• Tony Richards

The Difference Between Emotions and Feelings


In everyday situations and communications, we often use the words emotion and feeling interchangeably, while psychologists distinguish between them. Emotions are the interpretations of your feelings. The feelings you have emerge from your motivational system. You generally feel pretty good when you are succeeding at something you are striving for and bad when you are not. The more deeply your motivational system is engaged with a situation, the stronger your feelings are going to be.


Your motivational system is not connected to your brain regions that well which help you tell stories about your world. Often, in order to make sense of what you are feeling, you use information about what is happening around you to help you translate those feelings into emotions and those emotions help to guide your actions by giving you feedback on how well you are currently achieving the goals the motivational system has become engaged into.


Many times, that interpretation is fairly easy. Let's say you are crossing the street and suddenly you have to quickly move out of the path of an oncoming vehicle, it is clear to you that the negative feeling you are having is fear from nearly getting struck by the vehicle. If someone you work with compliments you on something you have accomplished well, it is obvious to you the positive feeling you are experiencing is pride.


Often things are not that clear. You might have a bad interaction with a family member before getting to your job. As the day wears on, you may interpret your negative feelings as frustration with the project you are working on rather than lingering negative effects from the interaction you had that morning.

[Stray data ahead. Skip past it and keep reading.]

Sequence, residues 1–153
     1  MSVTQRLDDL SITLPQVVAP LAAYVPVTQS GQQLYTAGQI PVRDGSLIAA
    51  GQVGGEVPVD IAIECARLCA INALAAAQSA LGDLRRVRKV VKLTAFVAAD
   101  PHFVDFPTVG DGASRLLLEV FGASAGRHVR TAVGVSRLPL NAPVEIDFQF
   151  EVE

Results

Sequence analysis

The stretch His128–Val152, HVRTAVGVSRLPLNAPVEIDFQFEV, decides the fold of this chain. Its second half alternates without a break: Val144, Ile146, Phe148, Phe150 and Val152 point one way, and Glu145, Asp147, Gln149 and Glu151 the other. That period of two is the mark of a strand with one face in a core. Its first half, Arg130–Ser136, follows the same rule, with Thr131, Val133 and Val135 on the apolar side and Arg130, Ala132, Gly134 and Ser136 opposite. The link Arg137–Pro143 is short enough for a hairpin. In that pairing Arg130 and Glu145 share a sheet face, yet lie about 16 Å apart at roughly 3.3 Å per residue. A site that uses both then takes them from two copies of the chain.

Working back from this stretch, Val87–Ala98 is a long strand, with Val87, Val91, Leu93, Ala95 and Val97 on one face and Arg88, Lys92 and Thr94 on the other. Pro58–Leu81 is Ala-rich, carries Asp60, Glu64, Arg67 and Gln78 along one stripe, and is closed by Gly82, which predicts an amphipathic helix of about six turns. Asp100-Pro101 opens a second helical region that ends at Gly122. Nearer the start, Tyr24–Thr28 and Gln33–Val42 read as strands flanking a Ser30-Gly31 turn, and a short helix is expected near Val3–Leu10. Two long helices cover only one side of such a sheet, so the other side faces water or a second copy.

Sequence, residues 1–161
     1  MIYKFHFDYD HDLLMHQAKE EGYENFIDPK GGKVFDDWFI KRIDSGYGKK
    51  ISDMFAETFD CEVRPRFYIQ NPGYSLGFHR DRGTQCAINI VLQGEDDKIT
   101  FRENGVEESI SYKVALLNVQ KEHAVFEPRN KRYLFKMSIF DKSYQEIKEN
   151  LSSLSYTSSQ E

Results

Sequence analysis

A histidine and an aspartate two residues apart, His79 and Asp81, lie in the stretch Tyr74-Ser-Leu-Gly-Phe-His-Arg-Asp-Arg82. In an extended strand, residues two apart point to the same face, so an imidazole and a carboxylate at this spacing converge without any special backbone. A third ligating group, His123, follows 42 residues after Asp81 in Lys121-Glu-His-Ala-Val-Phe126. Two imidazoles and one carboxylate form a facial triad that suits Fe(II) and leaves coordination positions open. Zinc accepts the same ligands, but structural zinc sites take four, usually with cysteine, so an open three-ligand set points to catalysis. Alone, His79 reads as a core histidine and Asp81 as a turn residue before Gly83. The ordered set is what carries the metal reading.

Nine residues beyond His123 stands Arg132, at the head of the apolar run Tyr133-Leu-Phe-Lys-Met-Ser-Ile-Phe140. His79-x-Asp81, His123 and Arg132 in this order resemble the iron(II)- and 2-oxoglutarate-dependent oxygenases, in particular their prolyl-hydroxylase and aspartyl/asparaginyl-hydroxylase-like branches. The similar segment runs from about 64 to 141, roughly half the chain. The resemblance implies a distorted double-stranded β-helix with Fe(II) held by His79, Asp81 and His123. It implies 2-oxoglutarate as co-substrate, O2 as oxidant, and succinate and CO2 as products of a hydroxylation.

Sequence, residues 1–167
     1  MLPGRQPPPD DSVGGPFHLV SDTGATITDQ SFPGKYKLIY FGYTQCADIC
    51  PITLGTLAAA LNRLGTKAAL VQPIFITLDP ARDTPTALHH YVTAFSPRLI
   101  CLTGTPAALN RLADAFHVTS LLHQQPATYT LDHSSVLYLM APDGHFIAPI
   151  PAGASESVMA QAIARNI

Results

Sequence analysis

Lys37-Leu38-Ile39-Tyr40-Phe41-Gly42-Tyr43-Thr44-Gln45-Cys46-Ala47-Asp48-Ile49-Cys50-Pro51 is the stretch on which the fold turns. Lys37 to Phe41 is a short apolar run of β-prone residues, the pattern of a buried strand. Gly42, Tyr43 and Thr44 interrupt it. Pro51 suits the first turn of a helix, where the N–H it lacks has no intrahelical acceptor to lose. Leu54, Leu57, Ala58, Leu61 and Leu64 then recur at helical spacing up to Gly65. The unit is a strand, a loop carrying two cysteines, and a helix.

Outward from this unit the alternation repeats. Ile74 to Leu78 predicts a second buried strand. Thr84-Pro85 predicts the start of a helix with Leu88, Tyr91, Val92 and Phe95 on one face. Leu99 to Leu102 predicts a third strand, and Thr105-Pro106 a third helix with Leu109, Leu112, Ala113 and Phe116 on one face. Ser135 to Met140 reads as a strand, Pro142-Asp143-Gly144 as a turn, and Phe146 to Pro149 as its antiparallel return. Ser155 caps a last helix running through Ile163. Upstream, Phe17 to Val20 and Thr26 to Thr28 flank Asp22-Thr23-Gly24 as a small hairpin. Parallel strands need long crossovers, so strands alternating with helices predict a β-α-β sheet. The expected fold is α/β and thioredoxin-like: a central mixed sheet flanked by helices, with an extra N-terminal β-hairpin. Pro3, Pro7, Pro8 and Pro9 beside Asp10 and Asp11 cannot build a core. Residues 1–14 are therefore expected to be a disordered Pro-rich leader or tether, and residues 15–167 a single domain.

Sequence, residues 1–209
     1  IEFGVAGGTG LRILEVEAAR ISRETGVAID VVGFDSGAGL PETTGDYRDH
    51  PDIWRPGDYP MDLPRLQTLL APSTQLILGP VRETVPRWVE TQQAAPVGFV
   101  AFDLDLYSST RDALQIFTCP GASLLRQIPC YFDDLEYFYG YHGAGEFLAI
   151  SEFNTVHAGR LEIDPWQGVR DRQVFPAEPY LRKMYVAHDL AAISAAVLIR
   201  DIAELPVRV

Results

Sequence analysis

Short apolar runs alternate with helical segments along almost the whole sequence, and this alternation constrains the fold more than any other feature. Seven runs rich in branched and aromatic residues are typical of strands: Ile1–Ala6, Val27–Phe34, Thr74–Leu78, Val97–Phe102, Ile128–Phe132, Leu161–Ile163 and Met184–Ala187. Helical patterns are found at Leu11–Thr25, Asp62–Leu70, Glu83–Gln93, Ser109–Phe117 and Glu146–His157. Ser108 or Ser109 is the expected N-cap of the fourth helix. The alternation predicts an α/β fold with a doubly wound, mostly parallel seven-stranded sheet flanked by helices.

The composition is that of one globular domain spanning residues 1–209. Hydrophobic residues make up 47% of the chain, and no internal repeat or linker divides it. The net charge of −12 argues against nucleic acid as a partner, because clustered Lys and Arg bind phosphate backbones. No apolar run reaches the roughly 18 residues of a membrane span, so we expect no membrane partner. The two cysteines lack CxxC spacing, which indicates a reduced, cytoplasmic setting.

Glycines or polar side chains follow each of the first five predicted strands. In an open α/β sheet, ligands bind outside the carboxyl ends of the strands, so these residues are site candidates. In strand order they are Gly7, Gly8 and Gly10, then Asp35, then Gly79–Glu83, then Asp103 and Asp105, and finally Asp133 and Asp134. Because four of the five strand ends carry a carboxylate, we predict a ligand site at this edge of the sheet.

Many people try to power through their negative feelings rather than attempting to understand them more fully. This is a real lost opportunity. Emotions provide valuable information about the state of your motivational system. Ignoring those signals and information is like driving around lost but refusing to consult your GPS or even look through the windshield. You continue to move forward, but who knows where you will actually end up? On the other hand, paying too much attention to your feelings is also bad. That is like staring at your GPS without ever starting your car. You won't get anywhere that way.


The key is that when you have negative feelings, slow down and pay some attention to what you are feeling and why you are feeling that way.


When you find yourself stressed, anxious, or angry, take five or ten minutes for yourself during the day. Sit alone and breathe deeply. The deep breathing will help take some of the energy or arousal out of the feelings you are having. This can help you think more clearly. Then start to think about some of the events of your day. Pay attention to how those thoughts influence or decrease the intensity of those feelings.


You may not completely understand the source of your feelings the first time you do this. Over time, you will become more skilled at paying attention to when and where you start to feel bad.


Once you have figured out what is bothering you, it's time to plan a course of action. If you keep thinking about things that bother you, you run the risk of solving nothing while getting yourself more upset. Instead, use your knowledge to figure out how to deal with it. If you are really upset about something, hold off on actually executing your plan until you have given yourself a chance to calm down. Responses that seemed like a good idea in the moment may seem less ideal to a cooler head.

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